Hemoptysis results from rupture of pulmonary-bronchial venous connections secondary to pulmonary venous hypertension. It occurs most frequently in patients who have elevated LA pressures without markedly elevated pulmonary vascular resistances and is rarely fatal. Recurrent pulmonary emboli, sometimes with infarction, are an important cause of morbidity and mortality rates late in the course of MS. Pulmonary infections, i.e., bronchitis, bronchopneumonia, and lobar pneumonia, commonly complicate untreated MS, especially during the winter months[3].
Mitral valve assessment with echocardiography should include the pattern of valve involvement and calcification, severity of stenosis, associated mitral regurgitation and other co-existent valve lesions and atrial chamber dilatation and function. Mitral stenosis can be assessed in parasternal, apical or subcostal views. As with any stenotic valve the main diagnostic feature in the parasternal long axis view. As in rheumatic MS, the anterior mitral leaflet (AMVL) shows diastolic doming or hockey-stick shape and the posterior mitral leaflet (PMVL) has restricted motion or is totally immobile. This doming is due to the reduced mobility of the valve tips compared to the base of the leaflets. Echocardiography can also adequately assess the Subvalvular apparatus changes such as thickening, shortening, fusion of chordal calcification. Color Doppler in this view with diastolic turbulence across the mitral valve confirms the diagnosis. On the other hand, Parasternal short axis view of the mitral valve is used for assessing the leaflets thickening, fusion and calcification of commissures. The parasternal short axis view is also used to assess the mitral valve orifice area by planimetry of the mitral leaflets at the level of tips. The Following are different means of measurements by echocardiography to ascess the severity of MS. Planimetry of mitral valve at the level of the leaflets tips is done in parasternal short axis view. This method is a very familiar technique by 2D echocardiography but the same method can also be used in 3D echocardiography en-face view of mitral valve. However, newly developed QLAB software in 3D echo is now available for calculation of mitral valve orifice area which requires further validation. Calculation of mitral valve area (MVA) by pressure half-time (P1/2t) should be done in an apical four chamber view using continuous wave. Doppler Pressure half-time method is not valid immediately after percutaneous balloon mitral the Doppler curve. The gradient can be measured by tracing the dense outline of mitral diastolic inflow and the mean pressure gradient is automatically calculated. The severity can be assessed as mild (10) [4].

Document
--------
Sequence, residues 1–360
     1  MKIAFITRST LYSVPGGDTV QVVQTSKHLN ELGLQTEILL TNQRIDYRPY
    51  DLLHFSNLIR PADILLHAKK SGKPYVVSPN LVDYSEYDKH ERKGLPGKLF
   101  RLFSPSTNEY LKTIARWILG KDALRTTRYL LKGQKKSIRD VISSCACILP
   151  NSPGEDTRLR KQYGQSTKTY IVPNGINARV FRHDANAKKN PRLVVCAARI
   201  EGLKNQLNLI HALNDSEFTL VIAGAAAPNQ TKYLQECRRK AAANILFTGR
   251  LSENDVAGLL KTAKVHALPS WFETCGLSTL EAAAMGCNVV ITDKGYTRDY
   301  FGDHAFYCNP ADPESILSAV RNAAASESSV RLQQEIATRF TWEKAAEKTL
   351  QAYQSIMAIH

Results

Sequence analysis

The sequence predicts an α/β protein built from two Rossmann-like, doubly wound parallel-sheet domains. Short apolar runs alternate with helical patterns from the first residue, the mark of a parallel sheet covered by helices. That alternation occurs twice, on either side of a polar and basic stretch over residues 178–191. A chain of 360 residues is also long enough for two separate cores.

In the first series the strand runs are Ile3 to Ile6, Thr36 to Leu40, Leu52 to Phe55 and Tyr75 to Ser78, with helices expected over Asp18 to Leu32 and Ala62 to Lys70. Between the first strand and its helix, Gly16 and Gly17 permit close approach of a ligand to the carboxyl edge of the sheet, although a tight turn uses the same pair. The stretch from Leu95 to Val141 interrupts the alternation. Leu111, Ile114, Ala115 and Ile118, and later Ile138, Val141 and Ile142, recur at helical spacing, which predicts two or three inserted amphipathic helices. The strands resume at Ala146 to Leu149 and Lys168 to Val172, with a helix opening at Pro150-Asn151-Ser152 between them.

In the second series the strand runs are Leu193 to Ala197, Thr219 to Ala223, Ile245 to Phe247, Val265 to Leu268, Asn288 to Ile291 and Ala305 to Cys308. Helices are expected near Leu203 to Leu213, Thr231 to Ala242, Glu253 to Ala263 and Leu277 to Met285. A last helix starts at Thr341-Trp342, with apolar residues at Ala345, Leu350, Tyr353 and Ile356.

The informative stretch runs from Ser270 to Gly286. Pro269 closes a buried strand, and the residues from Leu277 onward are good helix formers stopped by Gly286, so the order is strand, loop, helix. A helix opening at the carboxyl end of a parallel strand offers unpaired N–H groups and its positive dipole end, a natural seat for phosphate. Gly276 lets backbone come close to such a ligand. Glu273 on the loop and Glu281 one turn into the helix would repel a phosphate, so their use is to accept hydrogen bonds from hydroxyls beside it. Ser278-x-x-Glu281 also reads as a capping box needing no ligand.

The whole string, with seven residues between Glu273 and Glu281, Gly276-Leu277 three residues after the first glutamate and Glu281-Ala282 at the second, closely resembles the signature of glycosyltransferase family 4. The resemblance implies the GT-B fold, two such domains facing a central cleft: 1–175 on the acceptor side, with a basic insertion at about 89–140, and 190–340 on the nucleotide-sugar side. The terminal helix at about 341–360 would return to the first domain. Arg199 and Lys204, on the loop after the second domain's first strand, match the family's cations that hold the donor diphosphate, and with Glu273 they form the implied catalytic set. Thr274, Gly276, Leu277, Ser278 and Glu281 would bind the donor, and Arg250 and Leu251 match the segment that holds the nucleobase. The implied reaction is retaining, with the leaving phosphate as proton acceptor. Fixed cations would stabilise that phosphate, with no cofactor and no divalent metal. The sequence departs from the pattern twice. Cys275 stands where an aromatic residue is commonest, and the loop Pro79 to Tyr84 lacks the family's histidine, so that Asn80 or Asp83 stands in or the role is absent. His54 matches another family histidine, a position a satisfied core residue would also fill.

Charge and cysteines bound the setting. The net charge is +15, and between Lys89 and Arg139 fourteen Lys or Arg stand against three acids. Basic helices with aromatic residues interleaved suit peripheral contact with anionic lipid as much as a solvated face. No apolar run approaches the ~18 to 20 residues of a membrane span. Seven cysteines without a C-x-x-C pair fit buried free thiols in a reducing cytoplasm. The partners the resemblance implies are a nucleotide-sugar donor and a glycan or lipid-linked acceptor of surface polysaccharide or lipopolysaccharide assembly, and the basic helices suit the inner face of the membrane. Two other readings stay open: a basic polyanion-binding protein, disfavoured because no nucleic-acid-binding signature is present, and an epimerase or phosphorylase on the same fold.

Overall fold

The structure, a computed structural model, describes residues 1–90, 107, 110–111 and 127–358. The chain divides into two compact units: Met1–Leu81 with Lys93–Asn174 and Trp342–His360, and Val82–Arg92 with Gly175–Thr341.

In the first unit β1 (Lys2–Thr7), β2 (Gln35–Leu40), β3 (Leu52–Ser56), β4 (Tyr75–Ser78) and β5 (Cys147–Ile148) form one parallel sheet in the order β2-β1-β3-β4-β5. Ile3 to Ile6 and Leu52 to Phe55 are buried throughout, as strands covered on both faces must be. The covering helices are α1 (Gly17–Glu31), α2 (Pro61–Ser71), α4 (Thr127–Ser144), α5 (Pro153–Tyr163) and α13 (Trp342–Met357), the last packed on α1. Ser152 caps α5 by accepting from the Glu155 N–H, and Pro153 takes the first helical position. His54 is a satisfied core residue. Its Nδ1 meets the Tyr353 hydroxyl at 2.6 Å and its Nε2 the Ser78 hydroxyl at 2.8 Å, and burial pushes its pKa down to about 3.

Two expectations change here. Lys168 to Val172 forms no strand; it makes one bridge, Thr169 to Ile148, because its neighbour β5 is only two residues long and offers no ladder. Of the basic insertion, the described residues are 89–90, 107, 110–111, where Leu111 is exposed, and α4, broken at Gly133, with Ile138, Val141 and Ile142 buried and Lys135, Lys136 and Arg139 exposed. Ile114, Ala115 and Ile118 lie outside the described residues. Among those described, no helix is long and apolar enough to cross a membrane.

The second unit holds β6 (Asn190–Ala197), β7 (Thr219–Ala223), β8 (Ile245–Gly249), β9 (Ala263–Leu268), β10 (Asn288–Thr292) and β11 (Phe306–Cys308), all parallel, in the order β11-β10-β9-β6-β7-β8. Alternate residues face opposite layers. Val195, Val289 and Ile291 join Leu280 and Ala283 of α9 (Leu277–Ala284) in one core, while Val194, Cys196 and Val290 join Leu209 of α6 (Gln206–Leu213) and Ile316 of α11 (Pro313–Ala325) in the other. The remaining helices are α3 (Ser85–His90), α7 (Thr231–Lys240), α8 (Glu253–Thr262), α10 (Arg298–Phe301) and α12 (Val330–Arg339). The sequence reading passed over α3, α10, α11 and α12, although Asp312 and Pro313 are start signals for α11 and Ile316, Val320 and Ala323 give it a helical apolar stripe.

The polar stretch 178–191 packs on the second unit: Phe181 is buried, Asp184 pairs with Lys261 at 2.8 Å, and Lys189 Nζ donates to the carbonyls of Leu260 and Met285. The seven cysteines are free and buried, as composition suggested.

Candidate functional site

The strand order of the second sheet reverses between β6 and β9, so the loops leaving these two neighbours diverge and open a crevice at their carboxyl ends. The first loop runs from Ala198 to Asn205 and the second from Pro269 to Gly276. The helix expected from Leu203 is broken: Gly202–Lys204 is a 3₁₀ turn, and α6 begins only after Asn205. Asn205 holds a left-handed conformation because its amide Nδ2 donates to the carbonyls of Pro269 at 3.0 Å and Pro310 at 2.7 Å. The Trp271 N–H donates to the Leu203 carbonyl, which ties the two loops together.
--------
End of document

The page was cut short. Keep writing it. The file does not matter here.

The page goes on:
Both qualitative and quantitative evaluation of valvular heart disease can be improved by 3D echocardiography. Anyplane and paraplane analysis of a stenotic valve allows an accurate planimetry of the smallest orifice area. Zamorano et al demonstrated that 3DTTE is a feasible, accurate and highly reproducible technique for assessing the mitral valve area in patients with rheumatic MV stenosis. In a consecutive series of 80 patients, MV area was assessed by conventional echo Doppler methods and by 3DTTE, and results were compared with those obtained invasively.Compared with all other echo-Doppler methods, 3DTTE had the best agreement with the invasively determined MV area, and intra- and inter-observer variability of the method was very good. Zamorano et al also studied 29 patients undergoing percutaneous balloon mitral valvuloplasty. 3DTTE had the best agreement with the invasively determined MV area, particularly in the immediate post procedural period; therefore, the method could be proposed as an ideal one throughout this procedure and could make invasive evaluation unnecessary in this setting. As part of these very important quantitative data, 3DTTE can be integrated with 2D evaluation in the qualitative morphology assessment of the MV. Commissures, leaflets, annulus calcifications and subvalvular structures can be visualized from different and unique planes facilitating the understanding of this complex apparatus. Vegetations, commissural diseases, subvalvular pathologies (tip of the leaflets/chordae/papillary muscles), clefts can be accurately diagnosed.